NT1440

Contributor
May 18, 2008
12,790
16,602
Fair enough, I see no problem with comprehensive training; but Apple clearly over-engineered this keyboard in an attempt to make it thinner, resulting in all the negative publicity over stuck keys happening with the 2016 / 2017 models, and making it more difficult to service as well.

My guess is the 2015 and before keyboards will still prove to be more reliable than the 2018 keyboard.
I doubt it, but you’re entitled to your opinion.

Once the debris thing is solved (as it likely is with the membrane now) people will only have their distaste for the travel to harp on, which is a comment on preference rather than reliability.
 

reteena2048

macrumors newbie
Jul 6, 2014
8
4
...how complicated exactly?

I’m Apple certified, I spent 15 minutes watching an explanation of a particular screw once. I don’t see the problem in comprehensive training on how to do the repair work technicians are paid for, can you elaborate on the issue you have with it?

At retail stores, technician training has been incredibly weak the last few years with lots of employees that are uncertified being forced to proceed with customer repairs. Notice it’s “routine” training for AASP but not for Apple. It’s a big problem and I doubt that they will offer time for Apple Technicians, especially during “busy back-to-school” season, then new product launch, then holiday.

Please note, there are now Geniuses that have only been trained by videos, and have never handled these physical components before. Especially these newly-designed Macbooks and MacBook Pros, that open quite differently from before (they don’t just unscrew and pop off, as you know actually being certified!)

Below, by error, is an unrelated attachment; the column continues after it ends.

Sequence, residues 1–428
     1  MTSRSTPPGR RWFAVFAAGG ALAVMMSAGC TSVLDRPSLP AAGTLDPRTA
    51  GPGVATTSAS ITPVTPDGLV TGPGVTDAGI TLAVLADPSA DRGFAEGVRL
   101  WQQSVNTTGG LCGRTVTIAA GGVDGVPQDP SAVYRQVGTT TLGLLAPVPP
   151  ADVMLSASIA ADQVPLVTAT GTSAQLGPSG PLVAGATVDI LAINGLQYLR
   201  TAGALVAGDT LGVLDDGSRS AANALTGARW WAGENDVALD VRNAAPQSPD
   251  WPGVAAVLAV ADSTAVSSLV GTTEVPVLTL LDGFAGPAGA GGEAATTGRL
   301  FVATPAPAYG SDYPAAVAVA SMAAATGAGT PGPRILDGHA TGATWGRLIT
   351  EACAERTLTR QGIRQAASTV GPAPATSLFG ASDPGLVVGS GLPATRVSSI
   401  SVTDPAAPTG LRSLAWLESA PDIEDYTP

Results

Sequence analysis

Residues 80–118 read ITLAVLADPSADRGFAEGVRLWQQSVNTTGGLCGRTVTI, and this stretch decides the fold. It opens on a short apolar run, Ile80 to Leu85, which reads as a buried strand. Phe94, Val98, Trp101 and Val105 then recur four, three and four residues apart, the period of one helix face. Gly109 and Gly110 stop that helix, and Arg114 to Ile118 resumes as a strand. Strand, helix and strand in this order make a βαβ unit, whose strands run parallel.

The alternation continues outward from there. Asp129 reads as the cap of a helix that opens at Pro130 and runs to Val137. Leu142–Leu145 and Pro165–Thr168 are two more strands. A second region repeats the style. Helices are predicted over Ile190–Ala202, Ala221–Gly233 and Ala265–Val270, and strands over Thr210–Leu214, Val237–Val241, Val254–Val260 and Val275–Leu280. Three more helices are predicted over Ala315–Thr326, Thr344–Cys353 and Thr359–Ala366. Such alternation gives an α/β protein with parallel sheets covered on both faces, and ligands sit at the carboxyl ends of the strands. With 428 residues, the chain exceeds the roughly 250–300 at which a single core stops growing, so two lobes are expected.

mtneer

macrumors 68040
Sep 15, 2012
3,108
2,597
Are these technical seminars teaching the ASP's on how to fix customer problems, or are these coaching videos shaping what the employees say to minimize liability?
 
  • Like
Reactions: jb-net

charlituna

macrumors G3
Jun 11, 2008
9,636
815
Los Angeles, CA
...how complicated exactly?

I’m Apple certified, I spent 15 minutes watching an explanation of a particular screw once. I don’t see the problem in comprehensive training on how to do the repair work technicians are paid for, can you elaborate on the issue you have with it?

i was thinking the same thing. my ex was an apple genius and these training videos were pretty standard.
 
  • Like
Reactions: NT1440

charlituna

macrumors G3
Jun 11, 2008
9,636
815
Los Angeles, CA
Web broadcast about how to replace a condom?

don't laugh but yes. if you screw it up then you have to replace the whole top case and apparently those won't be in the story for like 2 months. and who knows if the mail in centers will have them. so that could actually mean a retail swap and you can bet the customer is going to demand that the store transfer their data for 'f***ing up" their repair which is another $100 covered
[doublepost=1532018067][/doublepost]
At retail stores, technician training has been incredibly weak the last few years with lots of employees that are uncertified being forced to proceed with customer repairs. Notice it’s “routine” training for AASP but not for Apple. It’s a big problem and I doubt that they will offer time for Apple Technicians, especially during “busy back-to-school” season, then new product launch, then holiday.

Please note, there are now Geniuses that have only been trained by videos, and have never handled these physical components before. Especially these newly-designed Macbooks and MacBook Pros, that open quite differently from before (they don’t just unscrew and pop off, as you know actually being certified!)

my ex was a Genius just up until a little under year ago and they did tons of physical training in the store. in fact one of the last things he did was hands on training for 2 new geniuses for 2 months in June and July